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Work Permits and Temporary Foreign Workers – What About Jobs for Canadians?

Bringing temporary foreign workers into Canada is often met with public resistance.  Some Canadians feel that temporary foreign workers take away from qualified Canadians. 

 This isn’t necessarily the case.  Temporary Foreign Workers, when recruited and hired legally, can have a very positive effect on our economy.  Questions do arise, however, as to whether the hiring of temporary foreign workers who meet only the lowest of skill requirements can actually benefit Canada. Should these temporary foreign workers be granted work permits?

 The National Occupational Classification, or NOC, is a system used by the Canadian government to classify jobs based on their description.  There are two streams under which a job may be categorized: “higher-skilled” occupations and “lower-skilled” occupations.

 Temporary foreign workers who apply for work permits under the “higher-skilled” occupational classifications are individuals who qualify for managerial, professional, and technical/skilled trades occupations.  The “lower-skilled” occupations are for individuals with an intermediate employment level, including truck drivers and restaurant servers, and general labour jobs such as cleaning staff and certain farm workers.

 So, how many people actually get work permits under these “lower-skilled” skill levels?  According to Citizenship and Immigration Canada, nearly 32,000 temporary foreign workers entered Canada under these skill levels. By comparison, over 36,000 higher skilled workers entered Canada in the same period and obtained work permits.

 According to an article in the Vancouver Sun, there is a great concern that “the temporary foreign worker program’s popularity could “lessen employers’ incentive to hire and/or train Canadians’”.  According to this article, there was a report released in October urging the Government to put a cap on the number of temporary foreign workers to ensure that Canadians are not being overlooked for lower-skilled employment. 

 If the number of higher-skilled temporary foreign workers admitted into Canada is only slightly higher than those in lower-skilled occupations, the big question is why Canadian employers feel the need to look past our borders to recruit such individuals.  Are Canadian citizens not applying for these jobs, or are they being overlooked?  Why are these lower-skilled workers so attracted with Canada? Where are the higher-skilled workers flocking to?  Leslie Seidle of the Institute for Research on Public Policy states that “admitting growing numbers of low-skilled [workers] may lead to ‘deskilling’ of the country’s immigrant pool”. 

 Regardless of skill level, employers need workers to grow their businesses and provide goods, services and opportunities for Canadians. If Canadians do not step forward, hiring temporary foreign workers and getting them work permits is necessary.

 What Citizenship and Immigration Canada must do is ensure that before any temporary foreign worker comes to Canada, that a rigorous process is put into place to ensure that Canadians are offered jobs first. Of course, exceptions can and should be made. For instance, if Canadians are given the ability to work abroad in other countries on the basis of reciprocal trade treaties, Canada should treat temporary foreign workers from those countries the same as those countries treat Canadians. The best examples of this are intra-company transfers – employees of multinational companies who get transferred abroad.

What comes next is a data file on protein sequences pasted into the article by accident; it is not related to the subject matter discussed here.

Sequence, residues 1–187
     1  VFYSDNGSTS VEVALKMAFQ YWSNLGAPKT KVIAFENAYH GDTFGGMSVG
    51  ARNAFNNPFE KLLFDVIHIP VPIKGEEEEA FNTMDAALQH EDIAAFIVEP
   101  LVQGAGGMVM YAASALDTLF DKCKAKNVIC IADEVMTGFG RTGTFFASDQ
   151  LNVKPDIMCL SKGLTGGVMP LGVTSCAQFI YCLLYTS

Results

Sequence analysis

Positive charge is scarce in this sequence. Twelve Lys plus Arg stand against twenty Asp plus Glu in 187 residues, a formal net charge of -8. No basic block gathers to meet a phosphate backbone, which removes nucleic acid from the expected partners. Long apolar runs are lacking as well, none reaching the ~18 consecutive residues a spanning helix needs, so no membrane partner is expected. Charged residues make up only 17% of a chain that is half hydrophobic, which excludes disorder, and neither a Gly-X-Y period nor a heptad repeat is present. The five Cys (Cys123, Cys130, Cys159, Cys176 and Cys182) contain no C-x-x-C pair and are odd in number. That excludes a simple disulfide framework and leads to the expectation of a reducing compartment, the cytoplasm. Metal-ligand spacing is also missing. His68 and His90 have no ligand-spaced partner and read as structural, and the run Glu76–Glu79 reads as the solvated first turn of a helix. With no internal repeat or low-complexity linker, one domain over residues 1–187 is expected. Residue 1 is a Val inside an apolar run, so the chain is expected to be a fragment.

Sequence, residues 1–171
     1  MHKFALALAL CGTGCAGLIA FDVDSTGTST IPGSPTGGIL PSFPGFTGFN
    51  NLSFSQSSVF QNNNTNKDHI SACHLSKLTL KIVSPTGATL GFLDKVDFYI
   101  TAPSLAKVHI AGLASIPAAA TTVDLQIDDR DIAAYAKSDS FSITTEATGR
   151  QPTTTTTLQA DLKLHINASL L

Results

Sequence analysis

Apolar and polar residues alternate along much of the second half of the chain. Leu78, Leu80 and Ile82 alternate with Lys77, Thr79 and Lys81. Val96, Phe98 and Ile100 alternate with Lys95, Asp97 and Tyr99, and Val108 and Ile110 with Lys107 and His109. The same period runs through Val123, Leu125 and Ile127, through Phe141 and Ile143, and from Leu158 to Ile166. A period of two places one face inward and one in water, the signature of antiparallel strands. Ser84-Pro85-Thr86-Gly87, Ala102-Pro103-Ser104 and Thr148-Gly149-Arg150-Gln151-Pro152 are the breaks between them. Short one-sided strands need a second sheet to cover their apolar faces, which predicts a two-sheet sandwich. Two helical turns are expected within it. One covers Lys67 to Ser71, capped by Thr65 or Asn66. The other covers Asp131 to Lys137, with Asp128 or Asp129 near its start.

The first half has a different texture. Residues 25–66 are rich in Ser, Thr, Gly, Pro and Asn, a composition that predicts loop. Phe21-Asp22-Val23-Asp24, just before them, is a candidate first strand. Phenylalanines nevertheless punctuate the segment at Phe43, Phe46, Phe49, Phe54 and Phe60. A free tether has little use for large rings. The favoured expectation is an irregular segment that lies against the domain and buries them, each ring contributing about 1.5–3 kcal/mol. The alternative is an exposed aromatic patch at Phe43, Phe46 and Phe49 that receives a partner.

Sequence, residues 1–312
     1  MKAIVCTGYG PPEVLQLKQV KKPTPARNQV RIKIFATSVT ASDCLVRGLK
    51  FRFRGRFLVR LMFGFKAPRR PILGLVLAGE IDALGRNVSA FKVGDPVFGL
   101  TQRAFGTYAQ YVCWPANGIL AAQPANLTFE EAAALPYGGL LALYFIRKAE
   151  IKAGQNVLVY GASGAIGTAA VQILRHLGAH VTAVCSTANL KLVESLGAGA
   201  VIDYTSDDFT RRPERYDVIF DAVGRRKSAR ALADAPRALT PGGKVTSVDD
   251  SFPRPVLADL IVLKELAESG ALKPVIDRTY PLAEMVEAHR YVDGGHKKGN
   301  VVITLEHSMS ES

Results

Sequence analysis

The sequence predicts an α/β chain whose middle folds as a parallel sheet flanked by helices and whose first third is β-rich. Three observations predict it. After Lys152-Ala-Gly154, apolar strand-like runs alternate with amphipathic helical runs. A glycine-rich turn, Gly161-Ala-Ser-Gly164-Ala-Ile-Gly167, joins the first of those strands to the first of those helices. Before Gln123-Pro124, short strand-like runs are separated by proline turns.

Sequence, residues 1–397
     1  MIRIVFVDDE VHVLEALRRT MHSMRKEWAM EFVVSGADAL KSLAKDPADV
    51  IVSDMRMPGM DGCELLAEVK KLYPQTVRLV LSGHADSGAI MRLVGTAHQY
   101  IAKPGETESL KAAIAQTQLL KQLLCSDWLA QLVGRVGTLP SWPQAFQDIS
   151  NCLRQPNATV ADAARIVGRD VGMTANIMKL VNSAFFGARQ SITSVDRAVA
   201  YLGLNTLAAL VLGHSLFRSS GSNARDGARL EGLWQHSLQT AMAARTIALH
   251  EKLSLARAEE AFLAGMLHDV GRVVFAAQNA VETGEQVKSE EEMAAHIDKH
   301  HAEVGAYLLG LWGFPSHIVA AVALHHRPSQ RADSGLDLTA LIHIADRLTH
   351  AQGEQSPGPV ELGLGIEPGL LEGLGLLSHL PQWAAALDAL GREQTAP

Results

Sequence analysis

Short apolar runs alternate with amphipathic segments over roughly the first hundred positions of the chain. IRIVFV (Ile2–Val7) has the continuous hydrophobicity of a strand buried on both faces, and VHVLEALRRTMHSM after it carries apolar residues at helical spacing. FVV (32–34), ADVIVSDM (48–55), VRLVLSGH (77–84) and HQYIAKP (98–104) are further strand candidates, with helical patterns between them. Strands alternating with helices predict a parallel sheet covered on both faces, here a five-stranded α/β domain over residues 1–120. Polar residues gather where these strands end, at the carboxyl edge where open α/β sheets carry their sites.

Canada’s requirement that employers must advertise thoroughly for vacant positions and must offer a wage at our above the median wage paid for that occupation are necessary protections for Canadians. This process, known as the Labour Market Opinion, or LMO process, is necessary. Recent rule changes that allow for the government to enforce these LMO rules and investigate employers will also assist in making sure a “Canada first” policy will be adhered to when employers apply for LMOs.

 The one thing that is missing from the puzzle is a better matching system of Canadian employers with Canadian job seekers. Late last year, the government passed legislation allowing Citizenship and Immigration Canada to set up an “expression of interest” system that will allow potential immigrants to post resumes that Canadian employers can review. If we really want a “Canada first” policy, Canadians should also be able to post resumes on this same system so Canadian employers can decide if the Canadian is better qualified for the job than the foreign national. Before hiring a foreign national or temporary foreign worker, Canadian employers should be able to access this type of system.

 R. Reis Pagtakhan is a Canadian corporate immigration lawyer.


About Reis Pagtakhan

Reis Pagtakhan is an immigration law partner with MLT Aikins LLP. His extensive experience includes assisting businesses obtain temporary entry to Canada and permanent residency for their executives, employees and contractors from all over the world. Reis has lectured on and written papers on immigration law for the Law Society of Manitoba, the Manitoba Bar Association, the Human Resources Management Association of Manitoba, the Canadian Corporate Counsel Association, and the Community Legal Education Association of Manitoba. He has presented position papers before the Minister of Citizenship and Immigration, Immigration Department officials and Manitoba Labour and Immigration. He has written articles on immigration for the CBC, the Winnipeg Free Press, trade, industry and ethnic publications.


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